Read about the fastest women in the sport in Sub Nine: History's Fastest Ironwomen:

"An extraordinary and inspirational reckoning of women's athletic excellence, Sub Nine is an excellent contribution to collections focusing on women's accomplishments in sports." - Midwest Book Review

"It's an interesting, well-researched read for someone who'd like to learn more about the background of triathlon - and how far women have come in racing." - Triathlete magazine

Saturday, October 8, 2011

Wellington, then Carfrae

Chrissie Wellington toughed it out to win a fourth World Champion title.

Wellington swam 1:01:03, rode 4:56:53 and ran 2:52:41 for 8:55:08.

Mirinda Carfrae charged hard on the run but it wasn't enough.

Carfrae swam 57:17, rode 5:04:16 and ran 2:52:09 for 8:57:57.

Friday, October 7, 2011

Winning isn’t everything

If you’re a pro racing tomorrow, there is a lot of money on the table.

Additionally, there are a lot of points to be captured for the rankings in order to qualify for next year’s World Championships. In some cases that may be worth more for athletes who are neither in perfect form this year nor novices nor rookies when it comes to racing on the Big Island.

The added bonus for the winner is that they won’t need to rush around the world collecting points ahead of the July 29th first qualification deadline for Kona 2012. Even better the champion gets a five-year exemption from the ranking system; all he or she has to do is validate the entry by completing one Ironman during the season ahead.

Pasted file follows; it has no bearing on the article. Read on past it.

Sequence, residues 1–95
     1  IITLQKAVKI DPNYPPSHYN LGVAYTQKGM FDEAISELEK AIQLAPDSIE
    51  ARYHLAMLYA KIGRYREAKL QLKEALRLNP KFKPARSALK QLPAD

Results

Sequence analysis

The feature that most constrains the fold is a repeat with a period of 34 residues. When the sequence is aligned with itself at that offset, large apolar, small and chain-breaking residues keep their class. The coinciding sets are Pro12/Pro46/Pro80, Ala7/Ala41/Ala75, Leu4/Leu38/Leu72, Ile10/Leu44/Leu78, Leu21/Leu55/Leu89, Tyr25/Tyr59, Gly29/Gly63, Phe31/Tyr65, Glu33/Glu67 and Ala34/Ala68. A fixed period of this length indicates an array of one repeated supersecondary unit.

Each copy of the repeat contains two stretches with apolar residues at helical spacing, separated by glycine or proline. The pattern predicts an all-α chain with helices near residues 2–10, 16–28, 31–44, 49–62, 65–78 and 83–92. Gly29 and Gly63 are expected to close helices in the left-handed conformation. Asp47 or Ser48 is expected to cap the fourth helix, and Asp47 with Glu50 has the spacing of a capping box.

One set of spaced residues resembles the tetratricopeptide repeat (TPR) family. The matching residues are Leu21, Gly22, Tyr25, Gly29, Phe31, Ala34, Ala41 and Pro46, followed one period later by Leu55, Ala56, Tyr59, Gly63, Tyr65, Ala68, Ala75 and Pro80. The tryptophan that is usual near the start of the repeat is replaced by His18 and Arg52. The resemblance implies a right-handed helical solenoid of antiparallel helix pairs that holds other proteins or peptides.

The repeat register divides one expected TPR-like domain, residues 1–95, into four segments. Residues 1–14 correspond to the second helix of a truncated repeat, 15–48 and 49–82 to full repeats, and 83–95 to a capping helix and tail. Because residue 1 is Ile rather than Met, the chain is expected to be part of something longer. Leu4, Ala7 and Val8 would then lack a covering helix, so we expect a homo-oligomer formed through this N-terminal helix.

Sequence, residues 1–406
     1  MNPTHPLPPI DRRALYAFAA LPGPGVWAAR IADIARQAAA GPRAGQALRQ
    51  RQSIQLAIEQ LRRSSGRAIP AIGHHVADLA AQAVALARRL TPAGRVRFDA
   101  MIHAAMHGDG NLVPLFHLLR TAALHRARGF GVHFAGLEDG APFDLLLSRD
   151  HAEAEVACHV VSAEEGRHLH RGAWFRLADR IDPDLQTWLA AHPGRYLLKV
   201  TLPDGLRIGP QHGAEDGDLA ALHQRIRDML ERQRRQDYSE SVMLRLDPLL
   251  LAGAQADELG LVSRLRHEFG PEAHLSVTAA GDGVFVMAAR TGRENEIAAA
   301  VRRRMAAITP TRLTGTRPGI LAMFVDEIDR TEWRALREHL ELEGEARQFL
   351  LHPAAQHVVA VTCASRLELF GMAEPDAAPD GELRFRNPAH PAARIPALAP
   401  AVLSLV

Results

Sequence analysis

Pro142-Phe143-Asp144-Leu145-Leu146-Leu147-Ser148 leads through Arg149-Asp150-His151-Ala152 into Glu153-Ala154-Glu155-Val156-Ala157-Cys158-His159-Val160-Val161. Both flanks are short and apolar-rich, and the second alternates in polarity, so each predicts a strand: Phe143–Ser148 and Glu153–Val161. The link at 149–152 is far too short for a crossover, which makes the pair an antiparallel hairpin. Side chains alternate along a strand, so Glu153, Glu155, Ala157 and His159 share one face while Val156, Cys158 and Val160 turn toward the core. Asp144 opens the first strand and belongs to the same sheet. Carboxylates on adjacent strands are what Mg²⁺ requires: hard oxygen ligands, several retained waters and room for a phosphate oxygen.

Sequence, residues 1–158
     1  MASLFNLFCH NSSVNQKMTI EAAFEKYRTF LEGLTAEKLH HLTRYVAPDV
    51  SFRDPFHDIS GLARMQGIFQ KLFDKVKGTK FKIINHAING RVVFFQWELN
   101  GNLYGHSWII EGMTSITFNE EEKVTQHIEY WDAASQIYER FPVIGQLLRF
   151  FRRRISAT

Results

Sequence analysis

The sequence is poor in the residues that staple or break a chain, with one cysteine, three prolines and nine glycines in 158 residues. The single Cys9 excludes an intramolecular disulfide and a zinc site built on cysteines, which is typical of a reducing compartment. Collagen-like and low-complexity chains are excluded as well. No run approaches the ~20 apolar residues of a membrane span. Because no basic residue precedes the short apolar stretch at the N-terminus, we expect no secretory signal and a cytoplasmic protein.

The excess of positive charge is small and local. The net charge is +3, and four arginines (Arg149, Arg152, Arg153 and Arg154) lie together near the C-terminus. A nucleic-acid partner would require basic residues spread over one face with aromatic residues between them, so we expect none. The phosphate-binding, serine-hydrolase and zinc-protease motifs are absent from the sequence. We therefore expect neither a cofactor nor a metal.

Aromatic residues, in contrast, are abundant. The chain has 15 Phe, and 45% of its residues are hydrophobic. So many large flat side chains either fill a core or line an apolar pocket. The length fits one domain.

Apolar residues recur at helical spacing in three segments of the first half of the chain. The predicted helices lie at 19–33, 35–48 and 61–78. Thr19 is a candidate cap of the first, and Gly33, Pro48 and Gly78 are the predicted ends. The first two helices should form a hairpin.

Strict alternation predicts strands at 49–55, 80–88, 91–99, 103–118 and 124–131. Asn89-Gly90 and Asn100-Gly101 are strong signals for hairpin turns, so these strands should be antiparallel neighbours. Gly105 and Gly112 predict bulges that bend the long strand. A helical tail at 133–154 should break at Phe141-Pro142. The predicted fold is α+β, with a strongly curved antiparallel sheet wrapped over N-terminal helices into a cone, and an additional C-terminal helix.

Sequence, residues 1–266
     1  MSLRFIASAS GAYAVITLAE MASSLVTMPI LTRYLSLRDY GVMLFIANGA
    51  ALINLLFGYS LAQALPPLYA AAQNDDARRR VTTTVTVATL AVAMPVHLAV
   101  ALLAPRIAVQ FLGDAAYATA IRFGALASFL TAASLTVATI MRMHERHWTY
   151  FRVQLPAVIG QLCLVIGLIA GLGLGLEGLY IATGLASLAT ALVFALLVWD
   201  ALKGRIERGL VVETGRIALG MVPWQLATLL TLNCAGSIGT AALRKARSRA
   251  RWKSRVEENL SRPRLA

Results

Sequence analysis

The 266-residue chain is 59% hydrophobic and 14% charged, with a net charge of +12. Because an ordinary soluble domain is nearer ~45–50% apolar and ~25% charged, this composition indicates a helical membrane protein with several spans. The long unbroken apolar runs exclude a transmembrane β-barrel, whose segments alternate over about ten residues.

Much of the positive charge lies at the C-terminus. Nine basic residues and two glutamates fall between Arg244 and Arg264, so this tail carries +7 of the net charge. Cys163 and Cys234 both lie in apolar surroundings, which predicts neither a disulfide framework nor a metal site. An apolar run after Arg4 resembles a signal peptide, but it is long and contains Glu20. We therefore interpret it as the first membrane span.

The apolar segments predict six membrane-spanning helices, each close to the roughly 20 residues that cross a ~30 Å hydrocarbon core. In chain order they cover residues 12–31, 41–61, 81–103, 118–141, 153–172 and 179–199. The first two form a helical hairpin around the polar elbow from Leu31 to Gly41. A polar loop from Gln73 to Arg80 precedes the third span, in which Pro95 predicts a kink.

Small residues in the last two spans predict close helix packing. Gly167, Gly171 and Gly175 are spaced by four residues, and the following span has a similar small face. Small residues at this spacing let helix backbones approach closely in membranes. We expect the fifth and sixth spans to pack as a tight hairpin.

On the women's side, both Chrissie Wellington and Mirinda Carfrae received that exemption this year. And so did Natascha Badmann; hers was a special exemption reflecting the devastating crash she suffered during the World Championships in 2007. Badmann, even though she's a six-time World Champion, will have to qualify within the points system for next year.

While some athletes flourish with a lot of racing, not every athlete copes the same with the physical and mental - as well as expense - related demands that are involved.

So how does the point system work in Kona?

Well Kona is a P-6000 points race; it awards more points than any other.

First place gets 6000 points, second gets 5400, third 4900, fourth 4450 and fifth 4000. It’s a sliding scale for the first 20 finishers and then there are small amounts of points for those who finish between 21-30, 31-40 and 40 plus.

Most of the other Ironman events on the schedule are either P-1000 or P-2000 events. Some of the P-1000 events are Wisconsin, Wales, Florida, Lake Place and Mont Tremblant. Some of the P-2000 events are Arizona, Cozumel, Western Australia, South Africa, Texas and Brazil.

In other words, finishing fifth in Kona is like winning four P-1000 races, in terms of points.

That makes it key to choose one's races wisely. While a P-1000 race may be somewhat less competitive because there are fewer points on offer, you probably will still need to race hard to win and that could make it harder to race at a pending P-2000 event.

And so, a Top 10 finish tomorrow can go a long way to determining which races one should put on one's schedule in the season ahead.

On the prize money front, there’s also a sliding scale - and it’s a bit more dramatic. The total price purse for Kona - for women and men - is $580,000.

The winner will take home $110,000, second place $55,000 and third $35,000. Fourth will receive $20,000 and fifth will get $15,000.

It slides still faster, leaving the athlete who crosses the line in 10th place with $6000 - and those 4000 points.

Wednesday, October 5, 2011

Speed is relative ...

Check out 'Speed is relative but it doesn't hurt to have it' on

It's a pre-Kona review of this season's fastest Ironwomen racing on Saturday.

Saturday, October 1, 2011